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A familiar figure in Soho's pubs and nightclubs, Julian Maclaren-Ross, with his carnation and silver-topped cane, his fur coat and dark glasses, was a natural bohemian. By the early 1940s he was a celebrated author and was well equipped to provide an anecdotal history of the place that, between the bombs, offered writers and artists a home away from home.
Evoking a demolished era of incendiary bombs and rationing, Maclaren-Ross misses none of it and introduces us to the budding luminaries of the age, among them Dylan Thomas and Graham Greene.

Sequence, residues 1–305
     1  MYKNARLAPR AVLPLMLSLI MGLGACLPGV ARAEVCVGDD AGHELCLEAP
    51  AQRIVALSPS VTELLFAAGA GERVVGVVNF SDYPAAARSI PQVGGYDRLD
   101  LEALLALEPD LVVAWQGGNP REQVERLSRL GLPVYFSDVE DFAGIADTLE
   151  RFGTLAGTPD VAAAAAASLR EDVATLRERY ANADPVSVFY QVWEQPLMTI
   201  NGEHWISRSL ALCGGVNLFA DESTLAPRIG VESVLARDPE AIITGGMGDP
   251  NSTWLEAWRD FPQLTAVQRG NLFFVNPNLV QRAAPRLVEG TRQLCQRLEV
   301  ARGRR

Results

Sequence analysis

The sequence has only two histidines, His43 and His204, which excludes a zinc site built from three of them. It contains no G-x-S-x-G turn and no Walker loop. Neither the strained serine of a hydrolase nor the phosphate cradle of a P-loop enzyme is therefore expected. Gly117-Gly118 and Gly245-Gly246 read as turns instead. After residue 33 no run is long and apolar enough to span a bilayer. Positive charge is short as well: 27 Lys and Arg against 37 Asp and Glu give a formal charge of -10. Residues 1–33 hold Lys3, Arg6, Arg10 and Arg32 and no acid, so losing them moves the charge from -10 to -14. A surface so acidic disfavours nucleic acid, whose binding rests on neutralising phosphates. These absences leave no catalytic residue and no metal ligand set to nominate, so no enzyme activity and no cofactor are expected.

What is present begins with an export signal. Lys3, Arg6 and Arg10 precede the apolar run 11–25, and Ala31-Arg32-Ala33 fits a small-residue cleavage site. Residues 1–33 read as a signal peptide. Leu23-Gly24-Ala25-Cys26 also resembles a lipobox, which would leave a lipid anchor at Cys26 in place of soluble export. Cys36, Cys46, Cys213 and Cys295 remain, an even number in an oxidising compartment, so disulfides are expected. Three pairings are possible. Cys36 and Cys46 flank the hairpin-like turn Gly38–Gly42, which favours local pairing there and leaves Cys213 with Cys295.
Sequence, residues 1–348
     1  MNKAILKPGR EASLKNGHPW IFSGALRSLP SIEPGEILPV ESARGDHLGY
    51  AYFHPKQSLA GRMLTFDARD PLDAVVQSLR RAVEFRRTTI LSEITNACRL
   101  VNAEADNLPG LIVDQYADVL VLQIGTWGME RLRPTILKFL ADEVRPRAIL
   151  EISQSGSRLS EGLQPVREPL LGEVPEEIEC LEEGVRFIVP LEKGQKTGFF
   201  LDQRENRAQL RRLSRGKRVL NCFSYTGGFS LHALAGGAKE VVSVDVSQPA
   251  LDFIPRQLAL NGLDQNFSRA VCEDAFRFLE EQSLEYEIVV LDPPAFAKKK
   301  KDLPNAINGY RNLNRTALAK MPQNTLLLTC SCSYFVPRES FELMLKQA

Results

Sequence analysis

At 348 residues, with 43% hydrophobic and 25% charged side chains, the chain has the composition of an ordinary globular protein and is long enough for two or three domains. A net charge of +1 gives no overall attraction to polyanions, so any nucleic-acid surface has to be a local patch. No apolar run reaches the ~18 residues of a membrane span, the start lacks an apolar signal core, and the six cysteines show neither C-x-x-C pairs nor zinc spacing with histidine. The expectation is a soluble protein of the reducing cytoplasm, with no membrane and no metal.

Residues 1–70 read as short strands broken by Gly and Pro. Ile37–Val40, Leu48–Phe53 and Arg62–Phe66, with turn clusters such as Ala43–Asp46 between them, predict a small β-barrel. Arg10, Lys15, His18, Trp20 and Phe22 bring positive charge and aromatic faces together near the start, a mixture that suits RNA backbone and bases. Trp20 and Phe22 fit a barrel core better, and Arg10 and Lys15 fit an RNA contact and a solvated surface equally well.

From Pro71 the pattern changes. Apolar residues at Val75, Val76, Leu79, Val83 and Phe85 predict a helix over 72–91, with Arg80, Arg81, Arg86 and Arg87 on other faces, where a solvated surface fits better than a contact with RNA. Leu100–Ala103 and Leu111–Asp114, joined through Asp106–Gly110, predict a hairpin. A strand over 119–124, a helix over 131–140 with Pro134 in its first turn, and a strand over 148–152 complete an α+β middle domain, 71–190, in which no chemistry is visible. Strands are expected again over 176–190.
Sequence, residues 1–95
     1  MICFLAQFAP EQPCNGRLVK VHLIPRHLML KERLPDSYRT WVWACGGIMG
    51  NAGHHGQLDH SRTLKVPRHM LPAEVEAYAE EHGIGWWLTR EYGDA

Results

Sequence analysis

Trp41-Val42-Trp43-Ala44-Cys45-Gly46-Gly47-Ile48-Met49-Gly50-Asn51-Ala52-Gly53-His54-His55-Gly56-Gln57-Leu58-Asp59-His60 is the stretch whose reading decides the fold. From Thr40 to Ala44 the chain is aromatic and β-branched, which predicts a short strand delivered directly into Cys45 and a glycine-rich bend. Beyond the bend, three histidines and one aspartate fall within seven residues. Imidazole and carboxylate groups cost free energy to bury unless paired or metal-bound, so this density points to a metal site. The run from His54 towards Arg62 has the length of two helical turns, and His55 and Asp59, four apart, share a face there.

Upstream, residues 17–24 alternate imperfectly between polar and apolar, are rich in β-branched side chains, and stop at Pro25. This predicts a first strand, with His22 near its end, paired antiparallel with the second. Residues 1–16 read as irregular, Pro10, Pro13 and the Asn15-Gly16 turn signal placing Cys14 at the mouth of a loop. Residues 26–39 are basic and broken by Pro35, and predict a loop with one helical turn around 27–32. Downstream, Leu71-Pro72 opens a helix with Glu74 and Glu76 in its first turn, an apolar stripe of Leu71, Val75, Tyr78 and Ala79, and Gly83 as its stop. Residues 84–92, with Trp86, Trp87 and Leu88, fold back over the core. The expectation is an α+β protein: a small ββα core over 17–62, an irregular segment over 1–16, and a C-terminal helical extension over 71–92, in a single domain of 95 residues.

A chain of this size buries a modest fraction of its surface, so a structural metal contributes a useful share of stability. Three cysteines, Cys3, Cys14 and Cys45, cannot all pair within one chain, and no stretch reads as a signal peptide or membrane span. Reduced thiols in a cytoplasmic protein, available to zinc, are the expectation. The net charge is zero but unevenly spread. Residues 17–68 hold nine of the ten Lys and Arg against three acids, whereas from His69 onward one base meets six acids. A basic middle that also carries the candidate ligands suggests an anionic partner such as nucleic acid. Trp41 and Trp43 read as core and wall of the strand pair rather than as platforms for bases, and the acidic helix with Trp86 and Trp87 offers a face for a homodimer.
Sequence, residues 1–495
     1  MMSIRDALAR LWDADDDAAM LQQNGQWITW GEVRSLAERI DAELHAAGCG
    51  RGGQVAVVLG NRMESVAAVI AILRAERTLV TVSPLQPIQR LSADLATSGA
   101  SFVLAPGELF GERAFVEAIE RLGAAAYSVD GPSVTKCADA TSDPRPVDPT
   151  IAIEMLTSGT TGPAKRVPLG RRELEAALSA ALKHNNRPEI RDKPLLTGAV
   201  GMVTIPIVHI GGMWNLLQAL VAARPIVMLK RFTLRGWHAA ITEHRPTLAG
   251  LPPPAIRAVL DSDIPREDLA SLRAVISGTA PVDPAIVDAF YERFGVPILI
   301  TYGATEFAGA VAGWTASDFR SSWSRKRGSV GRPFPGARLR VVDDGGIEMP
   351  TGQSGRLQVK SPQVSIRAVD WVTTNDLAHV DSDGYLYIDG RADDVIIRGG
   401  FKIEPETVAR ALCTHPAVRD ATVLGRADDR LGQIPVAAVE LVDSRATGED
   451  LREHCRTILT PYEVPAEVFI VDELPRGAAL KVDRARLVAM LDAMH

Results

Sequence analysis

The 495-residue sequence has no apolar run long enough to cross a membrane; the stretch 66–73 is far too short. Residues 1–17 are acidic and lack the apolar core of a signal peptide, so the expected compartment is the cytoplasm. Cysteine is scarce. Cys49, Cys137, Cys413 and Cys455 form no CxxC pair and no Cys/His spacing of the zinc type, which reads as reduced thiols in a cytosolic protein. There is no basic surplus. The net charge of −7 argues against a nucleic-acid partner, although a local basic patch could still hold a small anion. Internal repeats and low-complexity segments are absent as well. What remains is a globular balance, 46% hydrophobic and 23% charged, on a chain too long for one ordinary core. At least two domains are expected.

An entertaining portrait of a wartime London seldom shown, together with six of the author's best stories. (B-O-T Editorial Review Board)